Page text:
Limited industrial base, import of gadgets gives rise to inflation in Kuwait

Local rise in prices linked to global trends

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KUWAIT CITY, Jan 2: A government report stated that the whole world is expected to continue witnessing commodity price hikes, especially the prices of food products; which will put more pressure on countries that depend on food imports, those whose climate or conflicts could disrupt local food production, and those suffering from macroeconomic fragility, reports Al-Qabas daily. The report stressed the need to make urgent decisions to reduce the impact of global food price increases on the local market, especially since the cost to the national economy will be high. It indicated that food prices will continue to rise in the next five years — higher than the prices before the Corona crisis. The same applies to the prices of agricultural products and grains. Data from the Central Statistics Bureau showed that the consumer price index (inflation) in Kuwait rose by 3.79 percent in November, explaining that the annual rise in inflation rate stems from the increase in the prices of all the main groups affecting the movement of index numbers, particularly foodstuffs, education, clothing, and apparel.

Merchandise imports
Government data indicate that merchandise imports to Kuwait are concentrated in appliances, machinery, equipment, and industrial inputs and that the country imports approximately 80 percent of its food needs. They indicate that the steady growth in merchandise imports over the last 10 years is reflected in the Kuwaiti economy, represented by the high per capita income and the limited industrial base. Data show that cooperative societies are the most important outlet for selling food commodities and account for about 80 to 85 percent of the total food commodities in the local market. Therefore, any measure to neutralize price increases in the local market must be centered on cooperative societies. In addition, the delivery by ship method is the most important channel for transporting merchandise imports to Kuwait, exceeding about 85 percent of total imports; while delivery by land does not exceed 10 percent. This reflects the extent of the exposure of Kuwaiti imports to delivery by ship method, as well as the associated disruption in the ports and shortage of containers.

Global inflation
Several financial institutions said that global inflation may return to normal for the first time next year — after about four years. Goldman Sachs indicated that core inflation, which excludes food and energy in economies that witnessed an inflation boom in the post-Corona stage, specifically the United States, Europe, and many emerging markets, reached 2.2 percent during the three months ending last November. It expects that average inflation among these countries will be at or close to the inflation targets of most major central banks by the end of 2024. Oxford Economics expects inflation to reach 1.3 percent in the last quarter of next year in the Eurozone and 2.7 percent in the United Kingdom, while it will decline to 2.2 percent in the United States 10 recommendations to curb inflation The report indicated that to reduce the impact of global price increases on local prices, it is necessary to adopt the following recommendations:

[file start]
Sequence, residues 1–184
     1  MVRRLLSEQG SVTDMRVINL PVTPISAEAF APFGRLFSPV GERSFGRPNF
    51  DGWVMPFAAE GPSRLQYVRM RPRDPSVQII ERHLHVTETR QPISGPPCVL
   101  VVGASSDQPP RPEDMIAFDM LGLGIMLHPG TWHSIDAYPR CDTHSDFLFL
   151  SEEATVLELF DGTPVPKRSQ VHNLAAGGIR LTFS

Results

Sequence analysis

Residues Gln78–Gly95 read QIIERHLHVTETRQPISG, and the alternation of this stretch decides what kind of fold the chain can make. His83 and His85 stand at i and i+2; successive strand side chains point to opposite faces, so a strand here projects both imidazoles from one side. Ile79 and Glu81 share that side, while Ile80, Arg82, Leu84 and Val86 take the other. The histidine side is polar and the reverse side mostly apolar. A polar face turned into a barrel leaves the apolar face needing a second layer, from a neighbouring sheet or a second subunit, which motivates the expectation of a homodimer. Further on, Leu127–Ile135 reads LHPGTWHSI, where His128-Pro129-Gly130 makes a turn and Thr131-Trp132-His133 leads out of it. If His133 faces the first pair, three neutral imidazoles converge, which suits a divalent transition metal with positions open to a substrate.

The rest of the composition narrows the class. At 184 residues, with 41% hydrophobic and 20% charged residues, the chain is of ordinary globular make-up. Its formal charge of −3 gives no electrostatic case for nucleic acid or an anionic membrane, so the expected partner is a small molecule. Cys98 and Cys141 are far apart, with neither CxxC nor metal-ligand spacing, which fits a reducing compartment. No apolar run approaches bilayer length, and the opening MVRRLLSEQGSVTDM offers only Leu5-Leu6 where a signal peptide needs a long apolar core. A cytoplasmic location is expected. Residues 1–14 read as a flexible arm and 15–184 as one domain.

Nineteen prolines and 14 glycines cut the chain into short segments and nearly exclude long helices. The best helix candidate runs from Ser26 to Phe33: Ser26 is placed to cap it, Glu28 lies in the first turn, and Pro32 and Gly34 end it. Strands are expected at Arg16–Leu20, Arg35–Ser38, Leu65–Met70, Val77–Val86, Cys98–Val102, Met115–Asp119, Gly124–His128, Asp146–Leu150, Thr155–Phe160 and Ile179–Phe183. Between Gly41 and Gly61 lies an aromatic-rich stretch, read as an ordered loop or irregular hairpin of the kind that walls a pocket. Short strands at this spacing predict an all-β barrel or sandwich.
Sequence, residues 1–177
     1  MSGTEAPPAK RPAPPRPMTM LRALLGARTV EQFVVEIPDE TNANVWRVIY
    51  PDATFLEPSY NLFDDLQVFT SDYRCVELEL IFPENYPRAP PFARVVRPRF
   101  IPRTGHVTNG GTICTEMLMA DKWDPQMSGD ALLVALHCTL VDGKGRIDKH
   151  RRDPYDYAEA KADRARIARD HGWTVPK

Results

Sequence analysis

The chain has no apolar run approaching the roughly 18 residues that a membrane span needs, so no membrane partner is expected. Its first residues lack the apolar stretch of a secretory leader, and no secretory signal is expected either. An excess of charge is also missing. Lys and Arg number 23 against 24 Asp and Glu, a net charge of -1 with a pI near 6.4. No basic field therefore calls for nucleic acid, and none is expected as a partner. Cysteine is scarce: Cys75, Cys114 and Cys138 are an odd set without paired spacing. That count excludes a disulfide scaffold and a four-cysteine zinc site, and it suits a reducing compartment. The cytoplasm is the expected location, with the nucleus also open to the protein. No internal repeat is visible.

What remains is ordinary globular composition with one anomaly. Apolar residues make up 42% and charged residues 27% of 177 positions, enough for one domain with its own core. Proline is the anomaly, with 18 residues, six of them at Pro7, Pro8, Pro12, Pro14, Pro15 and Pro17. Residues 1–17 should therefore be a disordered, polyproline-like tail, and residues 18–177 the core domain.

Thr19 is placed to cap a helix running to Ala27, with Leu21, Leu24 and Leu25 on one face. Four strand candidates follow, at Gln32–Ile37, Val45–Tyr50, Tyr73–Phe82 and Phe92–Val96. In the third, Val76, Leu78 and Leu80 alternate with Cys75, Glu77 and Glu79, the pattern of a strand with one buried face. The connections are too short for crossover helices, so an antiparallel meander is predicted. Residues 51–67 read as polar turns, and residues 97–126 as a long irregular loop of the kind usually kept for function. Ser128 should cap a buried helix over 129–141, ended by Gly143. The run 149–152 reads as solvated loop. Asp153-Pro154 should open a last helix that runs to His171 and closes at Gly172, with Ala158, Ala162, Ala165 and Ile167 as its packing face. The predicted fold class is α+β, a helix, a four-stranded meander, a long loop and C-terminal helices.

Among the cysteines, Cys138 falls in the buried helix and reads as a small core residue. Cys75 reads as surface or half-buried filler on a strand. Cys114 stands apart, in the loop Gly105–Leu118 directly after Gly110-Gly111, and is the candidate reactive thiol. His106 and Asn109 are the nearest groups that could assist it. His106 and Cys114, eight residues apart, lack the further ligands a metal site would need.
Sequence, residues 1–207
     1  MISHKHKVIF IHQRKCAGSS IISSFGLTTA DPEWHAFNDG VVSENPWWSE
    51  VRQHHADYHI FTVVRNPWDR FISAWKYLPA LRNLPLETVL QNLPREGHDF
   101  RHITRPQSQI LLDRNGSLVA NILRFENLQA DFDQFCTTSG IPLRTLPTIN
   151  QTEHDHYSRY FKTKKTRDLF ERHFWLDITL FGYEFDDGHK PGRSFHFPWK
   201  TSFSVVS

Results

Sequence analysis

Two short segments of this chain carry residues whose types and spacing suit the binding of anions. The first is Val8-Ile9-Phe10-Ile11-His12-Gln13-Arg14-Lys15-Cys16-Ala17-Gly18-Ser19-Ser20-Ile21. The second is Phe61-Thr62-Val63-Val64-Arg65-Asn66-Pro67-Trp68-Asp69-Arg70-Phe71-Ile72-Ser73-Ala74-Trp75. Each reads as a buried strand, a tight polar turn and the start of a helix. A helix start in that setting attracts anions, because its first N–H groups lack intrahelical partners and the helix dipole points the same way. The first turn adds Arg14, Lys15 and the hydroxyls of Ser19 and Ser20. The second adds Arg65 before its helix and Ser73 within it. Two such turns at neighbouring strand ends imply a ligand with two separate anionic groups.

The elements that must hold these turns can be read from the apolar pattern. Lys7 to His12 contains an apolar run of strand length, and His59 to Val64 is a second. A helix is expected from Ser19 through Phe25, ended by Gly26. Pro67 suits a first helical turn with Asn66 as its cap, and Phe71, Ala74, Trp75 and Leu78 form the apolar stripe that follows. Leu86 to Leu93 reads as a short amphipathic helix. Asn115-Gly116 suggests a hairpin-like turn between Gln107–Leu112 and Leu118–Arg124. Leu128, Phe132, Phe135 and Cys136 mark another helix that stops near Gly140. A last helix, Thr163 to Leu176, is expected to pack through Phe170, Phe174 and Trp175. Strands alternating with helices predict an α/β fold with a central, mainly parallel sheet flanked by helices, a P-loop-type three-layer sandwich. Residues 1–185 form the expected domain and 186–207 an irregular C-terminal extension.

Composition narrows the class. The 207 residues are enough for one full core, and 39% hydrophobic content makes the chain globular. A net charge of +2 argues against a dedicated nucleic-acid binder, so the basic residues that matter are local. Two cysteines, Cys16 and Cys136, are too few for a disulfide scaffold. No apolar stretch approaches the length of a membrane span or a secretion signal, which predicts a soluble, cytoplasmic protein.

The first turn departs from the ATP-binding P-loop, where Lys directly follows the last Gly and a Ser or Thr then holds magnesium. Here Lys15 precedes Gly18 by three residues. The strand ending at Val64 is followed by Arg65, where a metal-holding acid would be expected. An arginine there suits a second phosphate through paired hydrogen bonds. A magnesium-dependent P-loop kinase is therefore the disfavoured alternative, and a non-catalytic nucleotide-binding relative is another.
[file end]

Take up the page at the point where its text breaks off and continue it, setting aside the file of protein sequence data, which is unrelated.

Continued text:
1. Most countries in the world have witnessed record rises in commodity prices, especially food commodity prices, which threaten to spread more severely to the local economy. Therefore, this requires us to adopt a clear and strict mechanism to implement the relevant treatments.

2. The necessity of adopting the proposed treatment mechanism and linking it to a specific period for implementation, as the concerned authorities must implement their treatment mechanism and not fail to implement it as required.

3. These treatments in pricing policy must be accompanied by consensus in the direction of fiscal and monetary policies, ensuring that price inflation in the country is addressed, and in a way that does not conflict with the growth of economic activities.

4. Reconsidering the Cooperatives Law to allow more oversight of the practices of boards of directors in cooperative societies.

5. Price control to avoid large differences in commodity prices.

6. Activating the role of the competition agency in cooperative societies to ensure that their monopolistic practices are consistent when displaying goods in them, to ensure that there are sufficient substitutes for the commodity, which encourages competition and the consumer’s choice of the commodity with the appropriate price for his needs.

7. Studying the increase in the spaces allowed for displaying goods in cooperative societies to facilitate the process of supplying goods.

8. Creating job opportunities for nationals and reducing current expenses (salaries) in the State budget.

9. Intensifying media and awareness campaigns to rationalize food consumption.

10. Taking the necessary measures to ensure the application of governance, digitization of services, reducing the costs of cooperative societies and the costs borne by suppliers, preventing the collection of any amounts by cooperative societies from suppliers, and ensuring that profits are directed towards providing goods in cooperative prices.

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